I've fallen for someone who I met and who became a friend over a few months but it was clear from both sides there was a lot of attraction there and that it was growing over the few months I knew him.

I've never yet fallen for a long time male friend though and can't see that ever happening.
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Old 7th August 2017, 8:30 AM   #23
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I thought some women in the end fall for a friend? They talk to a friend about their lives, like a confession. Somewhere down the line they get closer and then you have a foundation for a good relationship (up to marriage).
I have seen this happen but it's been a rare occurrence, for any number of reasons.

I firmly believe the Friend-zone exists because of naivety from both sides. Many woman fail to recognize an orbiter and believe that these male "friends" truly believe in platonic relationships. It takes an orbiter doing something inappropriate or confessing their undying love for them to figure it all out. But, as I have pointed out before, social media makes it much easier for orbiters to hang around and cling to hope as they can stay somewhat involved in a woman's life at the touch of a button.

This is a generalization based on experience, but I have found that many men struggle with platonic relationships. Many men will just tap out of a situation when they realize there is no chance at a romantic relationship. Others will be attracted to a woman, one way or another, and will toss themselves into the Friend-zone. I s'pose there are varying levels of the Friend-zone. Some guys are comfortable with the platonic relationship but still hold hopes of a relationship at some point. Others are full-on "Ducky" (watch "Pretty In Pink") and have convinced themselves that, given time and communication, their female "friend" will come around and the feeling will be reciprocated.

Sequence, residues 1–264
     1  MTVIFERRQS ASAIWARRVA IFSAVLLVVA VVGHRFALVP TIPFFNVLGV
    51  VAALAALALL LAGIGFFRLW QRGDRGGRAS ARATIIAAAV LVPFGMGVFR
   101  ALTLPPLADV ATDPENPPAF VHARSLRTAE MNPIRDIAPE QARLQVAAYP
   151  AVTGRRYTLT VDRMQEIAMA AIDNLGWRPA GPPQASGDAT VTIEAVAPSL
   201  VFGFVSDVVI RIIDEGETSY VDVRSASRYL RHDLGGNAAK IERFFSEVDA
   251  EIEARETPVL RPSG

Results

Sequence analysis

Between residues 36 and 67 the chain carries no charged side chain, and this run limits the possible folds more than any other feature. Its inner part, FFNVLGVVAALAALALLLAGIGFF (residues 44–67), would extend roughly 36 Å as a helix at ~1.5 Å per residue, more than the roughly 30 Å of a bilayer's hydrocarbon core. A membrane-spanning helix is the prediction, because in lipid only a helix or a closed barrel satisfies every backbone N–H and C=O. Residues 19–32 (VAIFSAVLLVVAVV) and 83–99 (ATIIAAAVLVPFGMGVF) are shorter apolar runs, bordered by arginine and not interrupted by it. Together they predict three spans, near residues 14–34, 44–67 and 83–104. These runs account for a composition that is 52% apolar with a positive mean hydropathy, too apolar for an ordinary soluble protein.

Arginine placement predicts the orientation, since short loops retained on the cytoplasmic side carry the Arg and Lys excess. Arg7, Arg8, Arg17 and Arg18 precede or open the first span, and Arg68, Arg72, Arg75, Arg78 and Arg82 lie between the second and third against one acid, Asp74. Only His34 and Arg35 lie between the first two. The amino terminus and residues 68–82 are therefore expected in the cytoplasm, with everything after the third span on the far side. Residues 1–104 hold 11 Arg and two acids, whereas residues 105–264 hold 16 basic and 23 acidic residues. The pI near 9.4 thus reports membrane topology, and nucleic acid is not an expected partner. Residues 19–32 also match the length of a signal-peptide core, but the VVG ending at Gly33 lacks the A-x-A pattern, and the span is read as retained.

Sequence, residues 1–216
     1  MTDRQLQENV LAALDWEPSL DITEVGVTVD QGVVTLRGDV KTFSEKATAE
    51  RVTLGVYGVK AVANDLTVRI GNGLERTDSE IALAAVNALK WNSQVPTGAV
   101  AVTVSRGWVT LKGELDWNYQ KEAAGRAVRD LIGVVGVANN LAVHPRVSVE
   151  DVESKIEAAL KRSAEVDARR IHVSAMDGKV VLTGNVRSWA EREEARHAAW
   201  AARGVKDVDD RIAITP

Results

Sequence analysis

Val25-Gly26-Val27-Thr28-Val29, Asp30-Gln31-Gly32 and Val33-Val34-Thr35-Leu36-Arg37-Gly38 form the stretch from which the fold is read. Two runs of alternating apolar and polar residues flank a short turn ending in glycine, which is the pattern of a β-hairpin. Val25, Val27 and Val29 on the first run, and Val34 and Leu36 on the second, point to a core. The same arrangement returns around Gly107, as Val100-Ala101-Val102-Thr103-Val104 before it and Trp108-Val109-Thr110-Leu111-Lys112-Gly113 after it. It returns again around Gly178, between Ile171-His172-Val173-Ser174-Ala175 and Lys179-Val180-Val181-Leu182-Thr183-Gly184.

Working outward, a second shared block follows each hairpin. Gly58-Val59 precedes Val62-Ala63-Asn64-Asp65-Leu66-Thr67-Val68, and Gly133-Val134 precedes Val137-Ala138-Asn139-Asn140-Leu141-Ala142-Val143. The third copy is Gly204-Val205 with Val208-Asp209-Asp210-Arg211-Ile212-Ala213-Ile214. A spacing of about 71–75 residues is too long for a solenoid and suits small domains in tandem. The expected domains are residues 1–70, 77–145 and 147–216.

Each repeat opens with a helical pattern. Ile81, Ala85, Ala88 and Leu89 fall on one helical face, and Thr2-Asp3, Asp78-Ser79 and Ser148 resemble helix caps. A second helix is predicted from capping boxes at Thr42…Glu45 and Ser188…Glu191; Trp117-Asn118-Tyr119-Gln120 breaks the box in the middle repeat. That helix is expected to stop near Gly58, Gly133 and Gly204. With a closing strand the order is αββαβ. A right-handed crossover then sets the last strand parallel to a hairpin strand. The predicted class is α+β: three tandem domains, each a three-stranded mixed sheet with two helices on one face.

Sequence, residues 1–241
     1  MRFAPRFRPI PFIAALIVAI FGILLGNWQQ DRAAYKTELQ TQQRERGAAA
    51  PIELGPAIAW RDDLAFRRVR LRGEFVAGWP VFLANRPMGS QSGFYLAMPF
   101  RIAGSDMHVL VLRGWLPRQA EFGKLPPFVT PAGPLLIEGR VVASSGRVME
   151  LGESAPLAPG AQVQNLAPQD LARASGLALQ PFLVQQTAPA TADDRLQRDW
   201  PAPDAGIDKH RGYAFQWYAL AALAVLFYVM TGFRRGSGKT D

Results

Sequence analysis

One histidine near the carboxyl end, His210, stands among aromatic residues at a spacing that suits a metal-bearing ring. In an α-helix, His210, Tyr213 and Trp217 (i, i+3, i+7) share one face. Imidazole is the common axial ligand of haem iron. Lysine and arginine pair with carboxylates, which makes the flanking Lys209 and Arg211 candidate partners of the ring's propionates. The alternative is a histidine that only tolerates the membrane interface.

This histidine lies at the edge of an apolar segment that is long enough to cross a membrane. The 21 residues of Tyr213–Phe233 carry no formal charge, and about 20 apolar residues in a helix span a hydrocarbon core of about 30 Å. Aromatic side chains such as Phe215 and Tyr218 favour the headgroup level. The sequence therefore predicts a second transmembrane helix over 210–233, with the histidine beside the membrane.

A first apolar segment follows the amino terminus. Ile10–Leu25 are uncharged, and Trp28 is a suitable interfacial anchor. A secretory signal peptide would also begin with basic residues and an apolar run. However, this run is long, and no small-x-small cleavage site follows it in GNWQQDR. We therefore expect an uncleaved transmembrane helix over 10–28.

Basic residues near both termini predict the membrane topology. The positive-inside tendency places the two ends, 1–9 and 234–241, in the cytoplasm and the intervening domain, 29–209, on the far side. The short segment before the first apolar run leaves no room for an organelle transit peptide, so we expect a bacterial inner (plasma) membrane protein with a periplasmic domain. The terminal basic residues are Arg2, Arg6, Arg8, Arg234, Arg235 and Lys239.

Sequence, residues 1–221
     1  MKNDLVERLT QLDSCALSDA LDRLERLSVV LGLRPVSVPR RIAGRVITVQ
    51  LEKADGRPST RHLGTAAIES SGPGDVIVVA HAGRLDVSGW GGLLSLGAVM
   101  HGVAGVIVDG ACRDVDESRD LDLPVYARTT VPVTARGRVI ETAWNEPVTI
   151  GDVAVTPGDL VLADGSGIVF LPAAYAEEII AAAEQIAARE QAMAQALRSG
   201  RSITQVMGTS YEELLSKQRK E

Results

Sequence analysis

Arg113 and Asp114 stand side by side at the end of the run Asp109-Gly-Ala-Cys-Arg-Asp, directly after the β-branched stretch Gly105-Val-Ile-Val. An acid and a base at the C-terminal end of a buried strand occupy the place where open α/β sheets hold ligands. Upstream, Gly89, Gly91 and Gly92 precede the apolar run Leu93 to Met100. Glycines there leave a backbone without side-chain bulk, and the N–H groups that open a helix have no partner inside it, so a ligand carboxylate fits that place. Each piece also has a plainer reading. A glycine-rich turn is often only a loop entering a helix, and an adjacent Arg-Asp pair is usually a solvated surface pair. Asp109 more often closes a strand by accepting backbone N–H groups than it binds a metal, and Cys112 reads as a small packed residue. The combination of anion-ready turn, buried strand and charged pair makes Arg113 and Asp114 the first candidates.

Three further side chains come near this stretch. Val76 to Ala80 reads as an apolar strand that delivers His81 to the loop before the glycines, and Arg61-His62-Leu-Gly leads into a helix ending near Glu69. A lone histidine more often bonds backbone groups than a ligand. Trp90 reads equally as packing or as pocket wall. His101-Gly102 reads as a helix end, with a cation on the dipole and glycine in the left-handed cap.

At the end of the day, I think it is important for women to realize that the Friend-zone certainly does exist. I have had several relationships over the years where my significant other could not accept the fact that at least a few of their male "friends" were nothing more than creepy orbiters. Hell, one of them ended up with a stalker who went into her house and left baked goods for her while she was asleep. He was a long time "friend" that upped the anty when she became single. Yet she STILL couldn't see that there were plenty of guys that kept in touch with her for the wrong reasons.
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Old 16th August 2017, 8:46 AM   #24
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last couple dates I went on, after I told the guys I didn't think we were a match, they said "well I'd still like to be friends". I get a lot of that's probably just a buffer from being let down, but a lot of times that's just a method for guys to get in and try to change your mind. A sec ago you were trying to sleep with me.. there's no foundation for a friendship here

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Old 16th August 2017, 5:18 PM   #25
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I thought some women in the end fall for a friend? They talk to a friend about their lives, like a confession. Somewhere down the line they get closer and then you have a foundation for a good relationship (up to marriage).